"Do not give your children moral and religious instruction unless you are quite sure they will not take it too seriously."
I've already written this quote in Citações, poesias &... but I read something today which prompted me to use it again. As I said, education is a complicated matter. Children usually are trained, from the very early years, to obey, to respect older people and rules (although we could start another discussion as to what "respect" actually means) and mainly to accept what these older people teach and absolutely not to question. This is specially true in regions where education is almost non-existent, where most people are illiterate and where ancient tradition rules.
As in most Muslim countries (and here I am, again walking on dangerous ground).
I'm not a feminist in the true sense of the word. I've never taken attitude to try and change prejudice against women - maybe because I've never felt it myself. However, if there's something that deeply irritates me (to the point of making me break a relationship) is disrespect for women and women's rights.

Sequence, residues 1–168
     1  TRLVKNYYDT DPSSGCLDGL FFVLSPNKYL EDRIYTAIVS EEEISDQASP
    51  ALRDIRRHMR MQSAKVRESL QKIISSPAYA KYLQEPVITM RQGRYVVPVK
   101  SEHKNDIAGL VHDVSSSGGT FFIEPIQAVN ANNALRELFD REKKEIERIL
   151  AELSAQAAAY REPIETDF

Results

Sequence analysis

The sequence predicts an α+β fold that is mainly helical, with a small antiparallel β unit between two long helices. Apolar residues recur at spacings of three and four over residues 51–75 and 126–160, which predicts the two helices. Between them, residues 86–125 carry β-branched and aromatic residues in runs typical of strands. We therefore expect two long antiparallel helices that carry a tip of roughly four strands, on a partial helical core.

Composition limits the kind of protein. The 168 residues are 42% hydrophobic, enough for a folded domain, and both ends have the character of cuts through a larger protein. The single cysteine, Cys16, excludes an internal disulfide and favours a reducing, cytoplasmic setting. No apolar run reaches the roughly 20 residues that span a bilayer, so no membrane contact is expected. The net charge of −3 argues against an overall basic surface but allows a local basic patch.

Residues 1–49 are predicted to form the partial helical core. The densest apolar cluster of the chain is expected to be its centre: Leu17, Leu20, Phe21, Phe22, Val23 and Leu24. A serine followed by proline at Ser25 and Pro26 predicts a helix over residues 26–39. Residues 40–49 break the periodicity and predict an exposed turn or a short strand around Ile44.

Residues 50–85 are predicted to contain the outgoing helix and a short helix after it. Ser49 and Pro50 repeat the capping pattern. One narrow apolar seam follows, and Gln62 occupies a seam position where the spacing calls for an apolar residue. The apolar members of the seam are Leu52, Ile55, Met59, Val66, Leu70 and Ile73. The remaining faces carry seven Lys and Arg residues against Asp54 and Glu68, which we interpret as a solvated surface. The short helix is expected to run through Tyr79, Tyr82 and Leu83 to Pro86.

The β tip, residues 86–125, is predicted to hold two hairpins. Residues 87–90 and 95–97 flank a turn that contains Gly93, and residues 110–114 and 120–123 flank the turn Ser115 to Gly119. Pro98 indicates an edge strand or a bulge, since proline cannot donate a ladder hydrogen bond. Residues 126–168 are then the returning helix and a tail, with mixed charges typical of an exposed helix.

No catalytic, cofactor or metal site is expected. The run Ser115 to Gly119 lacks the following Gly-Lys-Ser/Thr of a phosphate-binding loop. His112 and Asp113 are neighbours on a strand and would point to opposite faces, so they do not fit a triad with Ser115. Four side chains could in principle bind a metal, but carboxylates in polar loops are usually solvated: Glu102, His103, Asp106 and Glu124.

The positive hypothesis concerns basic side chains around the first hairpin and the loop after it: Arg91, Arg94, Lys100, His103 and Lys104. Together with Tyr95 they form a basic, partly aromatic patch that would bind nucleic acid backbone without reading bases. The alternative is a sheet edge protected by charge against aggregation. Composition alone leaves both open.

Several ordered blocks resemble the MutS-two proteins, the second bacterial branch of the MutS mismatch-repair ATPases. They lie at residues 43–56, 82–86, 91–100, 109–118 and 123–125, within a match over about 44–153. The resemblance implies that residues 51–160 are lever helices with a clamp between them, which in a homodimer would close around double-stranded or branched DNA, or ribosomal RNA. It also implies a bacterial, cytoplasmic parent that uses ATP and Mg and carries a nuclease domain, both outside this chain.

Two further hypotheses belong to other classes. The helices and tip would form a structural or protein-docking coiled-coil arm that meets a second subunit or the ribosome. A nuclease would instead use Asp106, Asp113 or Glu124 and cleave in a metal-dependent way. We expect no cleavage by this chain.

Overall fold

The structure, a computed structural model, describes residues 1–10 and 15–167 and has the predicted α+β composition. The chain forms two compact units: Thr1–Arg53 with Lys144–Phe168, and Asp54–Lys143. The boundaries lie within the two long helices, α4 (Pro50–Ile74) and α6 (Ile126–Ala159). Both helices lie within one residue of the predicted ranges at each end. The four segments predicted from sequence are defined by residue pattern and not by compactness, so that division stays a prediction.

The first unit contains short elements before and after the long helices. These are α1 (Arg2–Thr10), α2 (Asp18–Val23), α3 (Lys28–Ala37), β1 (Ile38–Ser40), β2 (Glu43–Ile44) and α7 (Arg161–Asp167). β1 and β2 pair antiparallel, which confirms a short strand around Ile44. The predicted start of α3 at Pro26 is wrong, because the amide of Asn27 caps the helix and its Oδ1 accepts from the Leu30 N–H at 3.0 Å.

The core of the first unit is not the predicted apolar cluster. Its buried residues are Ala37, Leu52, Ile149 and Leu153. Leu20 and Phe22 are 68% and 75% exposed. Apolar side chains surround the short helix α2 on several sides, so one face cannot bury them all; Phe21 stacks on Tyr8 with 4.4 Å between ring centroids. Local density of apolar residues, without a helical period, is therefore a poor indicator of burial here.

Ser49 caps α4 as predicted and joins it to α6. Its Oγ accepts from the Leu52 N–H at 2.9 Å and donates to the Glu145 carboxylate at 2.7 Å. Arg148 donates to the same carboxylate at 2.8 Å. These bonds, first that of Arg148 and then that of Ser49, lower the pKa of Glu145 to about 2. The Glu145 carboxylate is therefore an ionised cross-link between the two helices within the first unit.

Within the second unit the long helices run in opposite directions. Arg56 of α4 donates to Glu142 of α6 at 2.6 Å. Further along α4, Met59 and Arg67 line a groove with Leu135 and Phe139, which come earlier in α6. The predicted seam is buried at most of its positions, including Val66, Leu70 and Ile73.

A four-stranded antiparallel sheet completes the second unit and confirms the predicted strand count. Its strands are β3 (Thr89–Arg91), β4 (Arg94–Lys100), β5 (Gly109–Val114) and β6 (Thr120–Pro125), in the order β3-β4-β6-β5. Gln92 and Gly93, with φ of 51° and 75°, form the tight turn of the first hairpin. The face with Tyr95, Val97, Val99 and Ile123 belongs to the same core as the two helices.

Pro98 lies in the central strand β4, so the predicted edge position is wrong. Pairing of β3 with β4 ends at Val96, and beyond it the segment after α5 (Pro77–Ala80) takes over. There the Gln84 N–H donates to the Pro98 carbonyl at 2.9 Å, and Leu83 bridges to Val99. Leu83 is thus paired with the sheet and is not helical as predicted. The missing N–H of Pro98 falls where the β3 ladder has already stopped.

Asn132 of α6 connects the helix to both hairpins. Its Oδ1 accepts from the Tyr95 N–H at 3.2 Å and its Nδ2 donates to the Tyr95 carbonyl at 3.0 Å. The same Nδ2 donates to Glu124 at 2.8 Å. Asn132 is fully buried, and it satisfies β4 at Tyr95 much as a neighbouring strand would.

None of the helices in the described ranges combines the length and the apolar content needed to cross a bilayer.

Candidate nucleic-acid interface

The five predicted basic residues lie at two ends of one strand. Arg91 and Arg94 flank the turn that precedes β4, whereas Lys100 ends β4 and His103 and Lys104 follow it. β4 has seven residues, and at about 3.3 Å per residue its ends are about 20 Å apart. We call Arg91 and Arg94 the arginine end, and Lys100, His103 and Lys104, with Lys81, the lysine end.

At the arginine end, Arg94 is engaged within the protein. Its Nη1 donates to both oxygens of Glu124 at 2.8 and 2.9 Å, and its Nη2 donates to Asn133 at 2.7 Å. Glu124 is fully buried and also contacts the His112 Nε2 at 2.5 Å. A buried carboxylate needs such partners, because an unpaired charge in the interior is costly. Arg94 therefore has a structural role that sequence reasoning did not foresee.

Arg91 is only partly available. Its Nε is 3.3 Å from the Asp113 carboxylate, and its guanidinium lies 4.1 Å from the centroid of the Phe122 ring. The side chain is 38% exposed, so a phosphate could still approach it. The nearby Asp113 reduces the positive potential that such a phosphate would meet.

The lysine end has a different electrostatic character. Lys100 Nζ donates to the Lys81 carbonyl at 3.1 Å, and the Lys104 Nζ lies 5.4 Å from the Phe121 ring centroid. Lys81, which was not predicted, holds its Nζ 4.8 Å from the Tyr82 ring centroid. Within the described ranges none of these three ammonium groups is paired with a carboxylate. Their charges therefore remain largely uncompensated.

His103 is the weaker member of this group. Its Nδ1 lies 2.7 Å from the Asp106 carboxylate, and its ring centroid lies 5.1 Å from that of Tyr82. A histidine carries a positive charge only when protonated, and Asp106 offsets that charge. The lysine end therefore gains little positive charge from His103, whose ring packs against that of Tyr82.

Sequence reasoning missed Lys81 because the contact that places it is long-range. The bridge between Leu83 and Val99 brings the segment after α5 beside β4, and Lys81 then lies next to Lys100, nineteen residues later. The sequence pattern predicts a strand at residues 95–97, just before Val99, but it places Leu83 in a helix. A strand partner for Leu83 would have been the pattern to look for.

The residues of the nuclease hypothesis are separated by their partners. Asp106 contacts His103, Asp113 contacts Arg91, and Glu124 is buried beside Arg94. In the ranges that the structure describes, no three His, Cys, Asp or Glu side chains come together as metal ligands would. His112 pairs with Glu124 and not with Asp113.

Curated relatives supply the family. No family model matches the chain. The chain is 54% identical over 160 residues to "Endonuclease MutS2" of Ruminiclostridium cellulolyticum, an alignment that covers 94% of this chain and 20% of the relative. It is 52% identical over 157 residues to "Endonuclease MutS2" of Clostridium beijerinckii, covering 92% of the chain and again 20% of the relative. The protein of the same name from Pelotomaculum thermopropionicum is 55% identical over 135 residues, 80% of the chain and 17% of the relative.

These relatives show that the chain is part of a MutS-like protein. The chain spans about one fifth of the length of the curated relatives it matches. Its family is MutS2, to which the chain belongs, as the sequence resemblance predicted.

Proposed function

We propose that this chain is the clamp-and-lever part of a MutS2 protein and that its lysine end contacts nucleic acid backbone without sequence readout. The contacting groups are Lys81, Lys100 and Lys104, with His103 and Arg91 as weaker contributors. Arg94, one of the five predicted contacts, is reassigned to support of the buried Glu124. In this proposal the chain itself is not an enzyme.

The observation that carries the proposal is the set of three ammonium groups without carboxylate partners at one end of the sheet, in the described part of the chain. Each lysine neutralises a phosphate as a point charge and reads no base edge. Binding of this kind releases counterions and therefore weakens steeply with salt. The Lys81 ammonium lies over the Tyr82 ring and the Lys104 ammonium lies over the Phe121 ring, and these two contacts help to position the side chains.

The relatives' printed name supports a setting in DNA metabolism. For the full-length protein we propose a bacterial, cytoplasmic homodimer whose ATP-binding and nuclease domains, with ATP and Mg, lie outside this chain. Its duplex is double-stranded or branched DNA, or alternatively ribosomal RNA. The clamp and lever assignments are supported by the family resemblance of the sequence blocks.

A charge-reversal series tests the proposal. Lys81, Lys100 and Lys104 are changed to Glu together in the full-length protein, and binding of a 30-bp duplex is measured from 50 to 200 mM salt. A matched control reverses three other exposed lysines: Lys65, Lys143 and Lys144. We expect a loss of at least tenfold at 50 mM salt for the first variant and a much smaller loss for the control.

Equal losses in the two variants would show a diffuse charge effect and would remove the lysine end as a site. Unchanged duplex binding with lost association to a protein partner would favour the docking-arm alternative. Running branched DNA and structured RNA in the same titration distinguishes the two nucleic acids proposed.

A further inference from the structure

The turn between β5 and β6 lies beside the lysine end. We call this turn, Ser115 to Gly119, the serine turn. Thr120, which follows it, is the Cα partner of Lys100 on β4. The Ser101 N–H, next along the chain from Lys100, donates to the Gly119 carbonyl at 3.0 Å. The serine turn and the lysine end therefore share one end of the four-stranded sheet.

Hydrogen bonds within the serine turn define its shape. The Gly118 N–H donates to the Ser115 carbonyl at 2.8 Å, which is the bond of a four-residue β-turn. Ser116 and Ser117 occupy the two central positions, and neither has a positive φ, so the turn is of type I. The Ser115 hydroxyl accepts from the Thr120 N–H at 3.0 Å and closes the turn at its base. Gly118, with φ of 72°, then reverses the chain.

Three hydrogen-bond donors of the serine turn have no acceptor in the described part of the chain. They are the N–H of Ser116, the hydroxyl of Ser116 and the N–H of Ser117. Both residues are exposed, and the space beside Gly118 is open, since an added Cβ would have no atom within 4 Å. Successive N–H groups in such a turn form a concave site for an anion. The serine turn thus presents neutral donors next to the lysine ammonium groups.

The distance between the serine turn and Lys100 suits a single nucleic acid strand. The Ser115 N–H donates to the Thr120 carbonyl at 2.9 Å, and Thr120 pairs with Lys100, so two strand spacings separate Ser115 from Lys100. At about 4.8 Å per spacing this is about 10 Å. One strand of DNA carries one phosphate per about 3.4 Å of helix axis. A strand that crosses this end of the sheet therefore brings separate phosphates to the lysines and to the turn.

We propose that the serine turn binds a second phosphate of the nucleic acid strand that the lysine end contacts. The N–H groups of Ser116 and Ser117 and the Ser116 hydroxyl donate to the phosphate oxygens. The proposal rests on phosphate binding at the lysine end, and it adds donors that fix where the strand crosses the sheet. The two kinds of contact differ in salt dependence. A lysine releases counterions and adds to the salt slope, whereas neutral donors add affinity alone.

And this point takes me to the article I read today at The Independent's site. A 23 year old student of journalism in a university in the north of Afghanistan was sentenced to death because he downloaded and distributed to teachers and fellow students an article "from a Farsi website which stated that Muslim fundamentalists who claimed the Koran justified the oppression of women had misrepresented the views of the prophet Mohamed."
It's bad enough the way they treat women, even after the Taliban. Now they want to kill a boy who dared to question. That's his only crime.
At the bottom of the article, there's a link for a petition to the Foreign Office in the UK urging them to demand that the boy's life be spared. Should we Brazilians do the same and have our brave president sending the same demand? I doubt. Better join forces with the British. I did.